After Marty Walsh, the now-former Mayor of Boston, was confirmed as the U.S. Secretary of Labor, now-former Boston City Council president Kim Janey became the first woman and the first person of color to act as mayor of Boston.
Because the City Council President is next in line for the mayoral seat if the city’s mayor resigns during their term, Mayor Janey assumed her position at 9:01pm on Monday, March 22—one minute after Secretary Walsh submitted his letter of resignation after being confirmed to President Biden’s cabinet. A ceremonial mayoral swearing-in ceremony occurred on Wednesday, March 24.
Secretary Walsh and Mayor Janey have worked together and held planning sessions to make sure that the mayoral transition is smooth for Bostonians.
On Monday, Secretary Walsh tweeted: “Congratulations on making history, @Kim_Janey. I know you are going to continue serving our city and supporting an equitable recovery from #COVID19. I am always here for you, my friend.”
In response, Mayor Janey tweeted: “Congratulations on your confirmation, Secretary Walsh. You are a proud son of Dorchester who will bring our city with you to the @USDOL. The working people of America will benefit greatly from your passion. Now, we look ahead to a new day—a new chapter—in Boston’s history.”
Under the city charter, Mayor Janey is able to perform mayoral duties that are “not admitting of delay,” but can’t make permanent appointments. She can still perform many executive tasks, such as passing or vetoing ordinances that the Boston City Council has approved, and handling payroll.
This is not the first time Mayor Janey has made history; in 2017, she was the first woman ever to be elected to represent a district that includes Roxbury, as well as parts of the South End, Fenway, and Dorchester. She is also the first black woman to hold the title of City Council President in Boston after being selected in January 2020.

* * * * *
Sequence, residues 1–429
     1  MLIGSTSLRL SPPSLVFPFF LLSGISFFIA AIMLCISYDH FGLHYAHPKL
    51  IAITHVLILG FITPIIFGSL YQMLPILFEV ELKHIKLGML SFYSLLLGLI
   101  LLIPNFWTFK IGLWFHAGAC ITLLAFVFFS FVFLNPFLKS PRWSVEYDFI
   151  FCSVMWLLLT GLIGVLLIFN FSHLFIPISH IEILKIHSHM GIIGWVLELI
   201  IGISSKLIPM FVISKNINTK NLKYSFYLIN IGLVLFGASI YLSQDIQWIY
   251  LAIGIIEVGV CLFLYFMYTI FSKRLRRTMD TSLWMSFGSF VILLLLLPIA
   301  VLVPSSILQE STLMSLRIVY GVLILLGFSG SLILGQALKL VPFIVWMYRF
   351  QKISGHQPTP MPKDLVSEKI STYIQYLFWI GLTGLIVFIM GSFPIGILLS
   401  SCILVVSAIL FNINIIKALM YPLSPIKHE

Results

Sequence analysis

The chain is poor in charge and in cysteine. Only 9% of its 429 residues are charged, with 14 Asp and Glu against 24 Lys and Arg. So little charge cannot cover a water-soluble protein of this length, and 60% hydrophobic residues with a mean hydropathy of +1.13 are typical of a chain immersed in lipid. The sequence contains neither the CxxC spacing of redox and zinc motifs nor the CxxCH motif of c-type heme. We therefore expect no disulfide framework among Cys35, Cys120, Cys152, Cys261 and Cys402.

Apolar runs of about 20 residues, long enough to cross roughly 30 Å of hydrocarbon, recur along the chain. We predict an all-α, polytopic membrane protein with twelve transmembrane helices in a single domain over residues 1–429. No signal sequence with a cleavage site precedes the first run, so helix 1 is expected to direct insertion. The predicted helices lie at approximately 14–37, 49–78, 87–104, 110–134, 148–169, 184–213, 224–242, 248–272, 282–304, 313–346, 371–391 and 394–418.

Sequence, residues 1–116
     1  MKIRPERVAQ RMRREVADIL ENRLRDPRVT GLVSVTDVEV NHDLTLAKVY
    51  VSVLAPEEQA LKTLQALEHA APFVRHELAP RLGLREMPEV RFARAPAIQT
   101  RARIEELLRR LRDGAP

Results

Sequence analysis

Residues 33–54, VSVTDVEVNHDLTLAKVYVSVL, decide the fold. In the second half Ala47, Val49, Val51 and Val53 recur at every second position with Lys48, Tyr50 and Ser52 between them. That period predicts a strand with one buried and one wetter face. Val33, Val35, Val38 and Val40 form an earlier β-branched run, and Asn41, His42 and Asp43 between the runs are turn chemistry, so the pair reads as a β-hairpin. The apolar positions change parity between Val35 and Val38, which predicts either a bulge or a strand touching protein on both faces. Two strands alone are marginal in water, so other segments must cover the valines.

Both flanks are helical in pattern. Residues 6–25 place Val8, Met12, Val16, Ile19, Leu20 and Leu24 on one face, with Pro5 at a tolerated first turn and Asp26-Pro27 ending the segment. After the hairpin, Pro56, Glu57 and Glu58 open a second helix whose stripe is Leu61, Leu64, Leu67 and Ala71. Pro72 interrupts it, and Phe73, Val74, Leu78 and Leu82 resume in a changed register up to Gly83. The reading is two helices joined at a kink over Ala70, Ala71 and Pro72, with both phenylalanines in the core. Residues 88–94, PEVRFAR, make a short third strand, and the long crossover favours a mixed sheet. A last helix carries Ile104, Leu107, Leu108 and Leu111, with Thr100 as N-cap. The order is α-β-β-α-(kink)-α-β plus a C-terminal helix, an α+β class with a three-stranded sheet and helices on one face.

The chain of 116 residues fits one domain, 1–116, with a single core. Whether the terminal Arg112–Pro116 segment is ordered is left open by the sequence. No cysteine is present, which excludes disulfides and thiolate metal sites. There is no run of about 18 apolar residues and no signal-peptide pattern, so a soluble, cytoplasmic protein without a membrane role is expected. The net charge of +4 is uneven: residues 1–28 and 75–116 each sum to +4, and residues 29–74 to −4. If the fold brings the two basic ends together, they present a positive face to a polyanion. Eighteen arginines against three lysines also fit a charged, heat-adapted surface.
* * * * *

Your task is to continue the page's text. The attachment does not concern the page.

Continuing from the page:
In an opinion piece she wrote for the Boston Globe, Mayor Janey provides a bit of insight into her past.
She discusses her family’s six generations in Roxbury, having to endure racial harassment while Boston attempted to desegregate schools with busing, becoming a mom while in high school, and her work to promote equity in Boston Public Schools. Mayor Janey also addressed current racial disparities in Boston, how many of those disparities have been illuminated by the pandemic, and how her administration will work to combat them.
“I am ready to lead our city toward equity, justice, and joy,” wrote Mayor Janey. “That means leading a citywide economic recovery that is equitable—especially for the residents and small businesses hardest hit. I call on business leaders, nonprofit organizations, community activists, and those who have felt left out to join us in reopening and renewing every part of our city. You will always have an open door to City Hall.”
Mayor Janey will act as mayor until the 2021 Boston mayoral race. She has not stated if she will run for mayor yet.
Three Boston City Councilors who also happen to be women of color—Michelle Wu, Andrea Campbell, and Annissa Essaibi George—have already announced their candidacies. Former chief of economic development in Boston John Barros, North End Representative Jon Santiago, Michael J Bianchi II, and Dana Depelteau have already announced that they were running for the seat as well.